Saturday, July 26, 2008
No one has ever accused me of having a green thumb, nor has anyone ever suggested that I was farm-hand material, so it is with a constant sense of surprise and delight that I find myself harvesting zucchinis, gathering basi, unearthing beets and picking beans from beanstalks, and …you get the idea. How did this wondrous thing happen? Well the answer should be obvious: CSB grows it. Then I get to harvest and cook it.
So, having plucked and picked, what do I do with all this plenty, after having unloaded as many vegetables & berries as possible on my friends?
I make zucchini bread (Not a great success). Rumor has it that my sister made disparaging remarks about anyone deluded enough to consider honey as sufficient sweetener in baked goods.
(On a vaguely unrelated note: last night we tasted Kilimanjaro honey brought to us by our friend Mim who has just returned from Tanzania. We detected the aroma of tobacco. Mysterious, that. I think Kilimanjaro counts as the most exotic honey we’ve ever tried. So far.)
Then I make zucchini soup. Much more successful. Last night it was Chilled Zucchini & Avocado Soup. The cumin is essential. Isn’t cumin always essential?
Tonight it will be Zucchini and Rosemary soup.
Also pesto. Lots and lots of pesto. The key to good pesto is picking the basil with the morning dew still on the leaves, then quickly plucking the leaves from the stalks, and then quickly putting it together with the garlic (see earlier post re garlic – it came out very well), nuts of your choice, olive oil and Parmesan. The most labor intensive and time-consuming part of the process is plucking the leaves from the stalks; and in this family we have learned to read personalities from a person’s basil-plucking methods. One friend of Tristram’s was the most meticulous basil plucker ever known to man, and in fact he is a meticulous and honorable young man. Another friend, of the more absent minded variety, plucks a leave, discourses on obscure mathematical problems, plucks another leave, describes the most recent occasion of his getting lost in front of his own house, plucks another leaf, and so on.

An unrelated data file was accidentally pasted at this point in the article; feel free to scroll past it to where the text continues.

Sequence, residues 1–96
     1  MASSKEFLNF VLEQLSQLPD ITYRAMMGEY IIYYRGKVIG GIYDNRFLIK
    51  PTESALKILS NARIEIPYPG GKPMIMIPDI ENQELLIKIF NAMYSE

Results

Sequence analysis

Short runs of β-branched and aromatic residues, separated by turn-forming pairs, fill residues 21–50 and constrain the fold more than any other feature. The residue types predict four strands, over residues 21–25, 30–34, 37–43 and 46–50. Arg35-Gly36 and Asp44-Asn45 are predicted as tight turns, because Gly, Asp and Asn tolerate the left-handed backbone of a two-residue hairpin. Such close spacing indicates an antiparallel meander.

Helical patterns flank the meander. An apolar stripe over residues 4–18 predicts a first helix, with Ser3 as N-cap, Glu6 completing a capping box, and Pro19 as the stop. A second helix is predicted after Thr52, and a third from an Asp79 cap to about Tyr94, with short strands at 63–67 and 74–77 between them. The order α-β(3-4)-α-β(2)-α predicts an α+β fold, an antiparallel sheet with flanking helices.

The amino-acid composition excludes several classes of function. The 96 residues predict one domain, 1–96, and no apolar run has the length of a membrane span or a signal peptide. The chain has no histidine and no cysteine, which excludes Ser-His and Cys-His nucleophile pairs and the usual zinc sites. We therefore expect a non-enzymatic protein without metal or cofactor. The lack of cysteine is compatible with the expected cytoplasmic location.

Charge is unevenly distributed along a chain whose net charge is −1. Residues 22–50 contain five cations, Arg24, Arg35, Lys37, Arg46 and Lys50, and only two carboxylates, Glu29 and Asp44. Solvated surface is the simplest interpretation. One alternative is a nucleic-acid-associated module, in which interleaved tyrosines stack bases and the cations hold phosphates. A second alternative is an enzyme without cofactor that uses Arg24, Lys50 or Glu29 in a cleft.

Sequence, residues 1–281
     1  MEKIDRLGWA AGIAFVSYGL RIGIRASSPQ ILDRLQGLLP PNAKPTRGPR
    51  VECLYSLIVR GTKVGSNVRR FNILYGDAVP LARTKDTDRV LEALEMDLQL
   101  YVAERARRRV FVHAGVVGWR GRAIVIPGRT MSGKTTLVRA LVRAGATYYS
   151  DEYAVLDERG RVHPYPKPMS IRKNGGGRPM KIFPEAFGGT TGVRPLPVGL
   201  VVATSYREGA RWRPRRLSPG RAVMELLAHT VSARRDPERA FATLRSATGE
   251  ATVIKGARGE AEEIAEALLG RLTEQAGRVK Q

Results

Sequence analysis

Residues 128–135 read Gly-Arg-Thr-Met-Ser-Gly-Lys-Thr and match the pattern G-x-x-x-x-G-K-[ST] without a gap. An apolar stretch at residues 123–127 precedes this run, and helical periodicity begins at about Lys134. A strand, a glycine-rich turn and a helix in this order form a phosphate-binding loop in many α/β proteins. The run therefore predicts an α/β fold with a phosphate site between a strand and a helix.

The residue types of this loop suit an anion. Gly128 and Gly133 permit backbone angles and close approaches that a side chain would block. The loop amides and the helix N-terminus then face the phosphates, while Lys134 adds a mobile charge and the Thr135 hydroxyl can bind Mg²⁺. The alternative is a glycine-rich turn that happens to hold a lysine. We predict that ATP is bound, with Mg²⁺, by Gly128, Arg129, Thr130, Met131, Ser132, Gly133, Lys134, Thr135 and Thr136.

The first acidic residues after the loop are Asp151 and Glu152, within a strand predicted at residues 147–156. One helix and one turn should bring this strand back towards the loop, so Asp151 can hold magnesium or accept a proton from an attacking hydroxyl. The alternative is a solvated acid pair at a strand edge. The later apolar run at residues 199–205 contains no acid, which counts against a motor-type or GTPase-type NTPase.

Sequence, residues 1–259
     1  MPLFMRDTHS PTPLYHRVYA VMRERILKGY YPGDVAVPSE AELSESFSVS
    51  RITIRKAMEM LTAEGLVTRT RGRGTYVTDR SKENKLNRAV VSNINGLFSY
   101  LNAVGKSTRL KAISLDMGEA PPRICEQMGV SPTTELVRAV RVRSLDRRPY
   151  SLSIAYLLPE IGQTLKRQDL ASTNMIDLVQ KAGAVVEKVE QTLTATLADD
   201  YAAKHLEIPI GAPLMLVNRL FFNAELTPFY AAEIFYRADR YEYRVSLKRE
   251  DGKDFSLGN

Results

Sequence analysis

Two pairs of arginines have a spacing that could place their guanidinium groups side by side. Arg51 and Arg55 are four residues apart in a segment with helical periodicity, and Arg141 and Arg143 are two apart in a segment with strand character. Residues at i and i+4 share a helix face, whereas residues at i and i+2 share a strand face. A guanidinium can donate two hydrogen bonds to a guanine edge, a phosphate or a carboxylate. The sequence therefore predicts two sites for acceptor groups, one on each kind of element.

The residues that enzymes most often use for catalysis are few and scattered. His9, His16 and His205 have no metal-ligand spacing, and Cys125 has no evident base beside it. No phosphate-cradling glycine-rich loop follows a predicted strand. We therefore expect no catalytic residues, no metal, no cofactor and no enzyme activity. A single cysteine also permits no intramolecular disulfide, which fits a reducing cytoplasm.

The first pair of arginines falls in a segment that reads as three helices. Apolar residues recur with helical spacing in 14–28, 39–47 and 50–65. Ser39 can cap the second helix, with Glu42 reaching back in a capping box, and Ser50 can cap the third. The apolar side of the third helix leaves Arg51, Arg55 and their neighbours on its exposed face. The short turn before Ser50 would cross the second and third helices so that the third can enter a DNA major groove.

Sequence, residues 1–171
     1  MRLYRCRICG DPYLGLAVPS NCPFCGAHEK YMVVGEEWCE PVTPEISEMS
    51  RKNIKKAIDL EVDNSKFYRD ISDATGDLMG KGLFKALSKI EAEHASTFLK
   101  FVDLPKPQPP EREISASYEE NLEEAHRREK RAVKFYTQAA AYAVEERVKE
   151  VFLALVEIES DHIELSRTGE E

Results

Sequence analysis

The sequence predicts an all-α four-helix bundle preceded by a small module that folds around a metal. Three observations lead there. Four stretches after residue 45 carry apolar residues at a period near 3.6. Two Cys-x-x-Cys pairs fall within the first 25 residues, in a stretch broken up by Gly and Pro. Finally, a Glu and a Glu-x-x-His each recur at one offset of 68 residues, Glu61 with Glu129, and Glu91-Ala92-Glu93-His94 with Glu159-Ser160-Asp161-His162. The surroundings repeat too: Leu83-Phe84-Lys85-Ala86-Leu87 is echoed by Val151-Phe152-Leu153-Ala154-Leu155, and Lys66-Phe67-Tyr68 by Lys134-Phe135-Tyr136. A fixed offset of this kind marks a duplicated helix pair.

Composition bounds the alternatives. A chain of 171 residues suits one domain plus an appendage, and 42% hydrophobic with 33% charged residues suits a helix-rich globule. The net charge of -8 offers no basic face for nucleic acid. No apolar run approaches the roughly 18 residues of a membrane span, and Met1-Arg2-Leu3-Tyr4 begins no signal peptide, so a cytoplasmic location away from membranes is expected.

Also bean salad. I use my mother’s recipe, which includes cucumbers, feta cheese, olives and red onions. The goal is to make it taste as much as possible like my mother’s.
And the beets. Did I mention the sweet young beets?
We gave the jalapeño peppers to Gill to test their hotness. If she says they are just hot enough, we will know they are too hot for anyone else.